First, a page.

However, Turkish government’s “zero problem” policy with its neighbors has led to a relatively peaceful environment in relations since 2002, when the AK Party came into rule. The two countries have been discussing the dispute on Aegean in exploratory talks.
The Greek prime minister’s visit came amid debates over Athens’ plans to block part of its border with Turkey to stem illegal immigration into the European Union.
Turkey’s Hurriyet Daily News on Friday quoted an unnamed Greek diplomat as saying the measure was not against Turkey or its people.
Greece, Turkey move to bolster friendship amid migration debate January 13, 2011Posted by Yilan in Turkey, Yunanistan.
Tags: Erzurum, George Papandreou, Greece, Recep Tayyip Erdogan, Turkey
add a comment
Turkish Foreign Minister Recep Tayyip Erdoğan meets with his Greek counterpart, George Papandreou.
The prime ministers of Turkey and Greece agreed Friday to take further steps to bolster friendly relations between the two countries amid debates over Athens’ plans for a border barrier to block illegal immigration.
“We are expending efforts to turn the Aegean Sea into a lake of peace and friendship,” Turkish Prime Minister Recep Tayyip Erdoğan told an audience, including his Greek counterpart George Papandreou, gathered in a stadium in the Eastern Anatolian province of Erzurum.
“We should leave the mistakes of the past behind and build a world where peace reigns. We should transmit peace, love and respect to the next generations instead of a world dominated by fights, hatred or blood,” Erdoğan said. “Greece is Turkey’s neighbor to the west and we share a 206-kilometer border. This encounter is very meaningful.”
Papandreou, who arrived in Erzurum late Thursday, came to Turkey on the invitation of Erzurum, the host of the 2011 World University Winter Games, which begin Jan. 27. The Greek prime minister received a warm welcome from the local audience when he and Erdoğan inaugurated the city’s new sports facilities.
Turkey sent invitations the winter games to more than 50 countries, but officials said Friday the only rejection came from Israel, likely because of the unpopularity of winter sports in the country.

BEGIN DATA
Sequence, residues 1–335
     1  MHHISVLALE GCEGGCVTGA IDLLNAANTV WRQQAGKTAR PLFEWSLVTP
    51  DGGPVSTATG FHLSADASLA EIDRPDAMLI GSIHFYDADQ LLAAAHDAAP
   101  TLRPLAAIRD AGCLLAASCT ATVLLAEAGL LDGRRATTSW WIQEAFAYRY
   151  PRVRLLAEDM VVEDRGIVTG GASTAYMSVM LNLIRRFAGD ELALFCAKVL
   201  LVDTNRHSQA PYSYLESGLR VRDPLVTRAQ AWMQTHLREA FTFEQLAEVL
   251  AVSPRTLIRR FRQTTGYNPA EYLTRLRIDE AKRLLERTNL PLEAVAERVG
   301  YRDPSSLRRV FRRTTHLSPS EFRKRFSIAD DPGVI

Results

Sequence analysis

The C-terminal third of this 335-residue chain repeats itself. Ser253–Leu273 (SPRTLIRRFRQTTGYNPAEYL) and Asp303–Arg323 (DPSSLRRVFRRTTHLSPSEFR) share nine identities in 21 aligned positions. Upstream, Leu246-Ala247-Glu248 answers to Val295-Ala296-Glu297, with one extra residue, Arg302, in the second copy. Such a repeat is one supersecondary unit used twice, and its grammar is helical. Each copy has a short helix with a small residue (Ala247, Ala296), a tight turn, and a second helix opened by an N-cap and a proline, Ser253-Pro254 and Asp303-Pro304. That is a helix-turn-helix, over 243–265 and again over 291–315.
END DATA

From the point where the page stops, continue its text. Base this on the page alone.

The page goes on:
“We should forget the past’s rivalry and prejudices,” said Papandreou, who took the floor before the Turkish prime minister’s address, and had his speech interrupted a number of times by applause from locals. “We are honored and proud of our countries’ histories, but we would like to demolish the wall of prejudices.”
In his speech, Papandreou recalled a visit made by the Turkish prime minister in May to Athens, where he visited Greek team Paratinaiokos. “That stadium hosted the world’s first Olympics in 1896,” the Greek prime minister said. “There our goal was to convey the friendship message between Greece and Turkey to the entire world.”
The visiting prime minister underscored that he and Erdoğan had worked together to help improve the Turkish-Greek relationship. “The potential of our hearts is very big, so is the potential of our cooperation. I have brought with me the friendship message of the Greek people,” he said.
Papandreou vowed Greece would support Turkey’s candidacy to host the 2020 Olympics. His statement “Başarılar diliyorum,” which means, “I wish success” in Turkish, received a warm response from the audience.
Erdoğan said his encounter with Papandreou was very meaningful, adding that “on behalf of George, I am saluting the Greek people.” Later in the day, both prime ministers addressed a conference in Erzurum of Turkey’s ambassadors from all over the world.
Barrier is not against Turkey, says Athens
The Greek prime minister’s visit comes amid debates over Athens’ plans to block part of its border with Turkey to stem illegal immigration into the European Union. Greek diplomatic sources told the Hürriyet Daily News & Economic Review that the issue was discussed in a “cooperative spirit.”
“The barrier is one of the technical measures as part of a broader plan for better border protection and also improved management of the flow of illegal immigrants, which also includes a different asylum system [and] the creation of a special committee that will handle all the process of paperwork,” said a Greek diplomat who wished to remain anonymous.
Saying that the barrier would be implemented as part of this plan, but that the specifics had not been determined yet, the diplomat emphasized that the barrier was not a measure against Turkey.
“This measure is not against Turkey or its people. It is a measure in order to try to improve the [illegal immigration] situation. We always have in mind the best protection because we should never forget that they are the victims of the worst exploitation by traffickers,” the unnamed Greek diplomat said.
“We are going to work together with Turkey… We have technical meetings with Turkey and we will have more meetings for better cooperation between two countries. This is a common problem between the two countries but also a European problem,” he added.
The meeting of the Turkish and Greek leaders also comes after Israel signed an agreement with the Greek Cypriot administration to delineate an exclusive economic zone in the eastern Mediterranean, a move that drew criticism from Turkey. However, after this agreement was made, voices were heard even louder in Athens that Greece should also sign a similar agreement with Greek Cyprus, according to reports from the Greek capital.